The announcement of The Locksmith could mark the beginning of a shift in the way firearms are handled in American filmmaking.

The upcoming production of The Locksmith, an indie film set to shoot in New Mexico, has announced that it will not be using real firearms following the tragic death of cinematographer Halyna Hutchins, on the set of Rust (another New Mexico independent production).

The Locksmith stars Ving Rhames, Kate Bosworth and Ryan Phillippe, and its producers released the following statement, telling Deadline that it”will be using rubber guns and adding flash and sound by computer during post production. … The recent events caused us to go in the direction of rubber guns.”

For independent films at least, for whom finding insurance anyway is more of a hurdle – especially in the wake of such an alarming and preventable tragedy – this seems to be the direction that things may be heading. Indie filmmaker Kevin Smith, speaking on his Fatman Beyond podcast this week about it, has been one of many wondering why productions simply aren’t using rubber weapons with CG enhancements as a matter of course.

Whether Hollywood goes in the same direction with major studio pictures remains to be seen, but according to Deadline, ‘Dave Cortese, a Democrat elected to the California Senate, has vowed to introduce legislation that would ban live ammunition on sets in California. Meanwhile, a petition to ban real guns on film sets has attracted more than 100,000 signatories’. So it seems that even major Hollywood studios may find themselves having to adopt this approach.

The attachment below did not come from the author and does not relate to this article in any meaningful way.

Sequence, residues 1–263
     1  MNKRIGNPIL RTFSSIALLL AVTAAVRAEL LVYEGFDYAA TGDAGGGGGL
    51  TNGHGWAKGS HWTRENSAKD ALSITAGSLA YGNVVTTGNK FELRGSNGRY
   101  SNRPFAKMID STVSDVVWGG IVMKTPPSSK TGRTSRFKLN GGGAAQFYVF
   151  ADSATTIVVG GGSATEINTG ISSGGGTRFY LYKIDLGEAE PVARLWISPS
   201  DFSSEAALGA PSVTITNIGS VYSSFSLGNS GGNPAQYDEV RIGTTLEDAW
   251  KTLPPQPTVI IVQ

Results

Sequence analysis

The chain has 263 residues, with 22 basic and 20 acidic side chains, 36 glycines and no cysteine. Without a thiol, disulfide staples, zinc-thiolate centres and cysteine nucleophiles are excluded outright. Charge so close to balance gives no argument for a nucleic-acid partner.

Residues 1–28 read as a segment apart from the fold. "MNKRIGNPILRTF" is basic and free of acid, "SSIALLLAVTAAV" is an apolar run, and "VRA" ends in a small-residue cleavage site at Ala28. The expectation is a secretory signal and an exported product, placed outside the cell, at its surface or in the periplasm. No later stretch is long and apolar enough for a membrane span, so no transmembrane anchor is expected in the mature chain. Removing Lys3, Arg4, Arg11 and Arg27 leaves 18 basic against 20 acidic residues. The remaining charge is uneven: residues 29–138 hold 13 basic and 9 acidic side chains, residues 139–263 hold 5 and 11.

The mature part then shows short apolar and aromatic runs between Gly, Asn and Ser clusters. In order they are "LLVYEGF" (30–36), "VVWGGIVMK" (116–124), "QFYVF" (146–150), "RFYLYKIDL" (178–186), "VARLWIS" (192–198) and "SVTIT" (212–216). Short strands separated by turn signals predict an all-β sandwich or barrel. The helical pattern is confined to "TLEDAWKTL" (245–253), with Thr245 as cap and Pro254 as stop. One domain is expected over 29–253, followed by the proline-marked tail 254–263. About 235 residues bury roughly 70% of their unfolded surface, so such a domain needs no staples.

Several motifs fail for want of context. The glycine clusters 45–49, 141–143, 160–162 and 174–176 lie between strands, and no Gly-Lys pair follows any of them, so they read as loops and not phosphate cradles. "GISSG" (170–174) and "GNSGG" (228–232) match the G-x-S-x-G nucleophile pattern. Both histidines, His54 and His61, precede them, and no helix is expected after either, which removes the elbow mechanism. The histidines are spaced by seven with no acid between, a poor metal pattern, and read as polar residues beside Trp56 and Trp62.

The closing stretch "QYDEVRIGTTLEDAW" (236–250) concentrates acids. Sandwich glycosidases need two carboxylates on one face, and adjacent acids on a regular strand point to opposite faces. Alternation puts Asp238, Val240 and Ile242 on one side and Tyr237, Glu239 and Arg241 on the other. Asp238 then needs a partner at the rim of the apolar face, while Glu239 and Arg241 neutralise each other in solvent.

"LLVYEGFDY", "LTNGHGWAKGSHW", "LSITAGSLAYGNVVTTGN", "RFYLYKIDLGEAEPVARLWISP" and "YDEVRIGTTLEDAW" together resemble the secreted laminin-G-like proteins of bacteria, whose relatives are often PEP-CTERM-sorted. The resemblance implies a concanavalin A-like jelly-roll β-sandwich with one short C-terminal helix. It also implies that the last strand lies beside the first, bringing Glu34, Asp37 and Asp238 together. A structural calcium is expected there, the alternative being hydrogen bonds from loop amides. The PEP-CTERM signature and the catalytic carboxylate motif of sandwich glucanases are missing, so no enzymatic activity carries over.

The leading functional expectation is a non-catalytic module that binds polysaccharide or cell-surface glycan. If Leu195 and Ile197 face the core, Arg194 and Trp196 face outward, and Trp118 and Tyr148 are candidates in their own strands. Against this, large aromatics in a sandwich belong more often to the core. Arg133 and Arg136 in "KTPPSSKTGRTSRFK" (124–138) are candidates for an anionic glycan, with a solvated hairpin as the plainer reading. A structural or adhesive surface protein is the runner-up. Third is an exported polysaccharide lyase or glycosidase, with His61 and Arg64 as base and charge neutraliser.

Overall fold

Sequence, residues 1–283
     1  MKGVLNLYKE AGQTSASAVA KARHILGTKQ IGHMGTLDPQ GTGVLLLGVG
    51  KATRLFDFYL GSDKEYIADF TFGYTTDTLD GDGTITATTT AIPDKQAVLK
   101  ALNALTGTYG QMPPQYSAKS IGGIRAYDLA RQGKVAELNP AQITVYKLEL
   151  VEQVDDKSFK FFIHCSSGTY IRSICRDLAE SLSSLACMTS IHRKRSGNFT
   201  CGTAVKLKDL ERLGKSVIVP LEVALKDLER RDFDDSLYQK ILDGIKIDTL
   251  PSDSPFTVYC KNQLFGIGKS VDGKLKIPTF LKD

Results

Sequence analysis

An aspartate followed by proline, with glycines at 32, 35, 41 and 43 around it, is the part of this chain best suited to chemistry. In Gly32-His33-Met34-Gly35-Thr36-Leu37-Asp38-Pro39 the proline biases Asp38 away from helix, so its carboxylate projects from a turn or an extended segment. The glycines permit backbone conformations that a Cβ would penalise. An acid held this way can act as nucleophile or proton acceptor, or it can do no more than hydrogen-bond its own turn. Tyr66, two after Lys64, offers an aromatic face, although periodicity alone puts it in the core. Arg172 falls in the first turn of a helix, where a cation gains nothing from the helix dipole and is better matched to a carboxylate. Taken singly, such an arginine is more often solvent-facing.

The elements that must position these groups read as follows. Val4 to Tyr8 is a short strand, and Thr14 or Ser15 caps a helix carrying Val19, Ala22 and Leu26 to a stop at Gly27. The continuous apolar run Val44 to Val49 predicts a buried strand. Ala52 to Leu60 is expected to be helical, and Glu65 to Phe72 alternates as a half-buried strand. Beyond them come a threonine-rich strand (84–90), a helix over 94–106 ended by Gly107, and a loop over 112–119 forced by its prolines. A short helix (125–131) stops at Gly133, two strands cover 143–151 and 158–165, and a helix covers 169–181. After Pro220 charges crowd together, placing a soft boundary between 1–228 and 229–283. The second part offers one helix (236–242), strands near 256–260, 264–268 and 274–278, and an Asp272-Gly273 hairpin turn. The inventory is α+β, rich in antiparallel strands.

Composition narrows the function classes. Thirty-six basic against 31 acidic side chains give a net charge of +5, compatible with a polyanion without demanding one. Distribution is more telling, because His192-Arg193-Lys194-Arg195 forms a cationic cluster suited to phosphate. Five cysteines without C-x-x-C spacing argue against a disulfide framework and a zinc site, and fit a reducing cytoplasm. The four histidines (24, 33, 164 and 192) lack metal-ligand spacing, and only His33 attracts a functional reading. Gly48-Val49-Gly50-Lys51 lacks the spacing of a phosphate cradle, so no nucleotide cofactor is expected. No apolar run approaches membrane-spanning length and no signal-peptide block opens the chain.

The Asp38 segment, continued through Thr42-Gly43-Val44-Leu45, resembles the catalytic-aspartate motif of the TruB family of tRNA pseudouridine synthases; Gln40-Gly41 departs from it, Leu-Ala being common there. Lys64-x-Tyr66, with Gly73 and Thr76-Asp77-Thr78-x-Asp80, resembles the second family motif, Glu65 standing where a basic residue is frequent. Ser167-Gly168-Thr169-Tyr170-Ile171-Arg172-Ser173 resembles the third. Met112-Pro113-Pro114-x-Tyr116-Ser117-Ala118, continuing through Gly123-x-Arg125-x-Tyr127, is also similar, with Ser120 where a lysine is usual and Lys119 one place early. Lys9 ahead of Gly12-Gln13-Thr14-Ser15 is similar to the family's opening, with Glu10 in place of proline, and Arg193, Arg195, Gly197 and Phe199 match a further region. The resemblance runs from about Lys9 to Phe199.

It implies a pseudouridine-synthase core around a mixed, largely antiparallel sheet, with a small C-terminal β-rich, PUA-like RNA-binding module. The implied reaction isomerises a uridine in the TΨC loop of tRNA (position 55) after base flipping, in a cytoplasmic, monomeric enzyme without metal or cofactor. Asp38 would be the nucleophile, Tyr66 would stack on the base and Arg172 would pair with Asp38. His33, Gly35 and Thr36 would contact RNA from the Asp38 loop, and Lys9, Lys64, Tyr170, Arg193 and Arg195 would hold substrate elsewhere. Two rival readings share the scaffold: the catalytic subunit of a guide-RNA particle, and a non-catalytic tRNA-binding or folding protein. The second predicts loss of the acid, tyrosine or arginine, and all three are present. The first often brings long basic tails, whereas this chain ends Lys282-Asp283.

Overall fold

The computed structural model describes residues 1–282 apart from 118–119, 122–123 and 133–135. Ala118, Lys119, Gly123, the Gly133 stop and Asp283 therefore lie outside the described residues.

Smith, who is of course no stranger to the world of film, seemed genuinely taken aback on the podcast when he learned that dozens of people have died on film sets due to firearms-related incidents in the decades since Brandon Lee tragically lost his life in the same manner on the set of 1994’s The Crow. Perhaps with Hutchins’ tragic passing, and the decision of films like The Locksmith to move in another direction, a positive industry-wide change is on the horizon.


Lead image: BigStock

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